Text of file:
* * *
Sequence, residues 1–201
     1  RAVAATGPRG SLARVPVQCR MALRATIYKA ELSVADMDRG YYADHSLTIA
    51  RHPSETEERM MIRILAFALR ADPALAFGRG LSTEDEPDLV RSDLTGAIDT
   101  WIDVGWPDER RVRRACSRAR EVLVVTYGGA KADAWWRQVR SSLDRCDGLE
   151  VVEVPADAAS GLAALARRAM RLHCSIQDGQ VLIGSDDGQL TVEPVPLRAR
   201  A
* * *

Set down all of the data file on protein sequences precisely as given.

Sequence, residues 1–201
     1  RAVAATGPRG SLARVPVQCR MALRATIYKA ELSVADMDRG YYADHSLTIA
    51  RHPSETEERM MIRILAFALR ADPALAFGRG LSTEDEPDLV RSDLTGAIDT
   101  WIDVGWPDER RVRRACSRAR EVLVVTYGGA KADAWWRQVR SSLDRCDGLE
   151  VVEVPADAAS GLAALARRAM RLHCSIQDGQ VLIGSDDGQL TVEPVPLRAR
   201  A